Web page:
Kenya Cancels Unpopular Doctor Swap Deal with Cuba

In this photo taken Sunday, April 5, 2020, laboratory technician Irene Ooko attends to a patient seeking a test for the new coronavirus that causes COVID-19, at the Pathologists Lancet Kenya laboratory in Nairobi, Kenya. (Brian Inganga/AP Photo)

Nairobi, Kenya | THE BLACK EXAMINER | Kenya’s government has announced its decision to terminate a 6-year-old arrangement involving Cuban doctors working in Kenya while Kenyan doctors received specialized training in Cuba. This program faced criticism, particularly from Kenya’s main doctors’ union, primarily due to the significantly higher salaries paid to Cuban doctors compared to their Kenyan counterparts. Critics argued that these funds could be better allocated to bolster Kenya’s medical infrastructure and support its own doctors.

The announcement to end the Cuban deal was made by Health Minister Nakumicha Wafula during a meeting with healthcare professionals in Nairobi. This decision received enthusiastic applause and shouts of approval from the attendees. Minister Wafula assured that the Ministry would ensure the well-being of the country’s healthcare workers.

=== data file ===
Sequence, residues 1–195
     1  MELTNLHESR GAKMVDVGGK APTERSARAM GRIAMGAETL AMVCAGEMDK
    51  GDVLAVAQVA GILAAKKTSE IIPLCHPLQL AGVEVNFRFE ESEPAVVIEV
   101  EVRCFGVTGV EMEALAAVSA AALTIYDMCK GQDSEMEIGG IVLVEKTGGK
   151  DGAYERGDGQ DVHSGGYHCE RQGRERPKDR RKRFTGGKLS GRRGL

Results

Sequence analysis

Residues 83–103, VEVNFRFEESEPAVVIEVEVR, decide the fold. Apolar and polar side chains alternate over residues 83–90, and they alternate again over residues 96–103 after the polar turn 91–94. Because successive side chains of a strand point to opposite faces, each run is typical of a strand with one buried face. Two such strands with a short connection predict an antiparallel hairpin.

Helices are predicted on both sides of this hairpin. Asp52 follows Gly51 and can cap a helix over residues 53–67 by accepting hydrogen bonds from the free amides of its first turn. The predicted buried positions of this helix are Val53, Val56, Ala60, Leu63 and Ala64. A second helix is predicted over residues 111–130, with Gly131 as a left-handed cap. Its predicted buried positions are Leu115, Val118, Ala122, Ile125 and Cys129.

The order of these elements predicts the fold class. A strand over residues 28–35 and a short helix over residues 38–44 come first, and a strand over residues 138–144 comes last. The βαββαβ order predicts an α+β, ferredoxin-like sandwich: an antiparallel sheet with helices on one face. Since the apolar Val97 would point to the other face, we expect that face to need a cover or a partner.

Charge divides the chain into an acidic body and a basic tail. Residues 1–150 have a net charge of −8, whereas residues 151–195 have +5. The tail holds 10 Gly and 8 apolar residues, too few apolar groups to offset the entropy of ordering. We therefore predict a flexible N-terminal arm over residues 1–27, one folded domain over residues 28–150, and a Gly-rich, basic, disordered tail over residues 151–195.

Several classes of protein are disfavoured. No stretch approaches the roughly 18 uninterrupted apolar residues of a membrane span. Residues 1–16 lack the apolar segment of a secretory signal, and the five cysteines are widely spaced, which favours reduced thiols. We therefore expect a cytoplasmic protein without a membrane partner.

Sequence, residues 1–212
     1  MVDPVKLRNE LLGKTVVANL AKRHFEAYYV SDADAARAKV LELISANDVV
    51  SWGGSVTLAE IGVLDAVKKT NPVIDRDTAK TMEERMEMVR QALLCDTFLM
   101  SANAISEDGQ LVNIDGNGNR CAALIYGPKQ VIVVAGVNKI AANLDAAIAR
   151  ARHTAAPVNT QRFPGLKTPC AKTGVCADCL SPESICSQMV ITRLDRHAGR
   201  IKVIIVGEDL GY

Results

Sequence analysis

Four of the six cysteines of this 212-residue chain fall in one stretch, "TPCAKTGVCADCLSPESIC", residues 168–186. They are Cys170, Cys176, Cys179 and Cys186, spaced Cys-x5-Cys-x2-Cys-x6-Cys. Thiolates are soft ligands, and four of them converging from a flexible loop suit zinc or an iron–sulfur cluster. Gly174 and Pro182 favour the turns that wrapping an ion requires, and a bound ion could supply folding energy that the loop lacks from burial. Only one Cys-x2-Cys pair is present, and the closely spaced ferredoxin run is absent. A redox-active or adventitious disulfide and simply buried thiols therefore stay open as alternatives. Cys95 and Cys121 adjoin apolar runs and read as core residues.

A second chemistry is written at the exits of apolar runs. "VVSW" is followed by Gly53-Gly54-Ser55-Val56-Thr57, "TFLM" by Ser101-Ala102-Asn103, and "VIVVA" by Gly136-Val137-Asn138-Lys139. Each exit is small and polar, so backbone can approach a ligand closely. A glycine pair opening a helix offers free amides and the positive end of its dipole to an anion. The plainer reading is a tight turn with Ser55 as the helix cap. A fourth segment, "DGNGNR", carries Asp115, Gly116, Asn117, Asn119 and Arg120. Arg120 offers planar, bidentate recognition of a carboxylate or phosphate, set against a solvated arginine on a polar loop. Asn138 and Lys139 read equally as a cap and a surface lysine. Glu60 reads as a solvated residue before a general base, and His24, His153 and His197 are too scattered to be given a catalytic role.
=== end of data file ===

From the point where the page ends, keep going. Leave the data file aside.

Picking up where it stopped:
Under the 2017 agreement, 50 Kenyan medical professionals were sent to Cuba for specialized training, while 100 Cuban doctors were deployed to county-level hospitals in Kenya to enhance healthcare services. However, this move faced substantial criticism from lawmakers and the Kenya Medical Practitioners, Pharmacists, and Dentists Union, which deemed it a misallocation of resources. They argued that the high salaries paid to Cuban doctors could have been better used to employ Kenyan doctors and procure essential medical equipment for local hospitals, which often suffer from a lack of basic facilities and medicines.

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Notably, the Salaries and Remuneration Commission of Kenya revealed that each Cuban doctor received a monthly salary of approximately US$5,300, while local doctors in the same category earned between US$1,600 and US$2,300. Cuban doctors also enjoyed better travel and housing allowances. In Kenya, healthcare professionals, including doctors and nurses, have frequently gone on strike to demand improved pay and working conditions.

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